Looking for improved productivity, innovation and resilience?
More and more businesses are catching the export bug. It’s little wonder, when you look at the dramatic impact it can have. Businesses that export are, on average, 34% more productive than those that don’t, according to UK Trade & Investment (UKTI).
Still not sure about exploring a new market yet? Here are eight ways exporting can help your business boom:
1. The Made in Britain brand is in demand – Cool Britannia is here
Britain has a reputation for top-quality products, leading design, and trustworthy business conduct. All of which makes it easier for Brits to market their businesses overseas than for those in many other nations.
In fact, the UK repeatedly does well in tables of the most reputable countries. In 2013, it came 15th in the world in terms of reputation, in a list compiled by the Reputation Institute, an international reputation management consulting firm.
The recession has hit small and medium-sized businesses hard, and many of those who have survived have taken a hit on profits. According to UKTI, businesses that export are 12.5% more resilient than businesses that don’t, showing there is a clear case for not putting all your eggs in one basket – or one nation, as the case may be.
3. There’s plenty of support
The government is focusing heavily on exports as part of its growth strategy, providing a range of support initiatives, including UK Export Finance and UKTI.
UKTI has staff in about 100 markets across the world. The organisation is able to connect businesses with useful contacts overseas. It also hosts events, and arranges trips where businesses of all shapes and sizes can be introduced to overseas markets.
Good logistics firms can also provide advice and support, acting as a partner throughout the whole process. UPS, for example, as the world’s largest customs broker, has experts that are well prepared to help you navigate complex international trade regulations – keeping you compliant and, most importantly, avoiding penalties. Its suite of free information based services, UPS TradeAbility, helps manage movement of goods effectively across borders.
4. Boosting innovation
Businesses that export are 75% more innovative and undertake three times more research and development than those that don’t, according to UKTI. Innovation isn’t just about adapting to new markets – it keeps a business one step ahead of competition in the UK too.
Small businesses that are able to adapt are often the ones that survive, and exporting teaches you the discipline of adaptation. Not all countries do business the same way, and demand for certain products varies from place to place. Becoming more innovative and flexible feeds back into your business culture as a whole.
5. Costs can be kept low
Cashflow and costs will always be concerns for SMEs. But exporting doesn’t have to be as expensive as you think. Consider speed versus economic shipping options – from collecting payments on deliveries to trade credit insurance. An organisation such as UPS has a range of added value services that you can take advantage of. Costs can be kept low by shipping in bulk, for example. A reliable logistics partner can help you keep prices down and find efficiencies in your overseas operations.
6. Significantly broaden your market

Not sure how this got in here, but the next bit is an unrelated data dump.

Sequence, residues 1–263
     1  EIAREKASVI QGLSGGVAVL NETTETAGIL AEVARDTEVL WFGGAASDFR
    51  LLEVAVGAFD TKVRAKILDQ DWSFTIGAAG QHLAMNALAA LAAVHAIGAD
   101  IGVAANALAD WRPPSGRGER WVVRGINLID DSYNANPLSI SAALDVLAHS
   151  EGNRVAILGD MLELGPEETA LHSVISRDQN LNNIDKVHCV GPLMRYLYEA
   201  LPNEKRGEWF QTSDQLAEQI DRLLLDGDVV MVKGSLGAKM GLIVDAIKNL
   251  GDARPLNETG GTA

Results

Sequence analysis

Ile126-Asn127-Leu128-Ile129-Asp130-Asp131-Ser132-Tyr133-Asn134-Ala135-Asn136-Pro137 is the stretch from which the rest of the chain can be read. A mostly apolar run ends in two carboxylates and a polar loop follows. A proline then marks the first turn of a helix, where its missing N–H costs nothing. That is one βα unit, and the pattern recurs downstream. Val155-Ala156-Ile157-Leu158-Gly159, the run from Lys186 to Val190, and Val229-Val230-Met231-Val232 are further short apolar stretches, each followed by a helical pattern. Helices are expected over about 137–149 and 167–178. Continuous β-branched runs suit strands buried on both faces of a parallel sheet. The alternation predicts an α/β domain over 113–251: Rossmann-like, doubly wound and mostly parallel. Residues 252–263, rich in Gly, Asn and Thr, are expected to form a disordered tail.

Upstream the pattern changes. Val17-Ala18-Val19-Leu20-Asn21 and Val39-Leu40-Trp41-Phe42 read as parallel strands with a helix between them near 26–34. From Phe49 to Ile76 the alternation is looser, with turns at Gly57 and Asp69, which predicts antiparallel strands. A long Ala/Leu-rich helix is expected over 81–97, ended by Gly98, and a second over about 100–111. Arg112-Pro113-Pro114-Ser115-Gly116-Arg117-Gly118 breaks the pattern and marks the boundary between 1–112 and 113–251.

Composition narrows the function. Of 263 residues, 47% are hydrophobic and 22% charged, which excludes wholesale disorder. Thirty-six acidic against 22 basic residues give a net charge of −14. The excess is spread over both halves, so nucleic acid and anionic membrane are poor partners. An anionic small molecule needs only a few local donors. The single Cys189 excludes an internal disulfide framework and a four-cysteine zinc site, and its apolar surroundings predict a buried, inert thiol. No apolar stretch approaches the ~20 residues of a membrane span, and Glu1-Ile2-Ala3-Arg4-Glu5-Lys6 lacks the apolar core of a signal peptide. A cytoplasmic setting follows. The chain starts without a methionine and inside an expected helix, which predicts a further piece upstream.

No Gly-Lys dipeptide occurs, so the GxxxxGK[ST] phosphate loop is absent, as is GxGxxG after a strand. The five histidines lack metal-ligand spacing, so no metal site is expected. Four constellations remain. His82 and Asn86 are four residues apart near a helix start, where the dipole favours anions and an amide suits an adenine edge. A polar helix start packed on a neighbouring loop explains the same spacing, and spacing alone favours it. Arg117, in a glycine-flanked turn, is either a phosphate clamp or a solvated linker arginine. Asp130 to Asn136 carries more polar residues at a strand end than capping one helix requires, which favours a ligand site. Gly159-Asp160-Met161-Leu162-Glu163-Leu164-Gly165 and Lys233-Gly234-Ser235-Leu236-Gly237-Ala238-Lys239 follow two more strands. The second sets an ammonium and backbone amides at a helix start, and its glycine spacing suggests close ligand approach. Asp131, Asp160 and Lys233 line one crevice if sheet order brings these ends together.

The UK has only 0.8% of the world’s population. That figure isn’t particularly surprising, but it can often be forgotten. In fact, the EU, where 50% of our goods and services went last year, represents only 7% of the world’s population and only 19% of its GDP. The potential of the enormous overseas market is a welcome opportunity to British business whose domestic market has high competition.
And while the size of the all-important consumerist middle class in the UK doesn’t appear to be changing too much, in other parts of the world it is growing rapidly.
This growth is boosting demand for imported products, particularly in emerging economies like China. Alibaba, China’s largest e-commerce platform, recently signed a deal with the UK raising the profile of British companies among its 500 million registered users – and making now a good time to start exporting there. Other countries with fast-growing middle classes include the BRICs (Brazil, Russia, India, China) and the MINTs (Mexico, Indonesia, Nigeria, Turkey).
7. No need for physical resources in foreign markets
SMEs can often feel they need to have a “base” in the countries they’re exporting to. But e-commerce makes it possible to work from a small office at home, dealing with orders completely on the computer. Receiving orders, taking payment and sorting out problems can all be done via a business website and email. It’s even possible to track individual dispatched orders from door to door if you work with a logistics partner like UPS. Its tracking tools provide status updates throughout the delivery journey, meaning you and your customers have full visibility and are informed every step of the way.
8. You can do it – whatever type of business you are
Some businesses, such as manufacturers, lend themselves more easily to exporting, but there are still options for those that traditionally wouldn’t think of exporting. Service exports are at a record high according to the British Chambers of Commerce. Services make up 80% of the UK economy but only 33% of our exports, according to UKTI.
Businesses from a variety of industry segments can take advantage of the huge opportunities that exporting can deliver. Whether they’re in healthcare, automotive, industrial manufacturing, automotive parts, high-tech or retail, there is opportunity for businesses of all sizes.
And today is the perfect time to start taking advantage of them.
This article is brought to you in partnership with UPS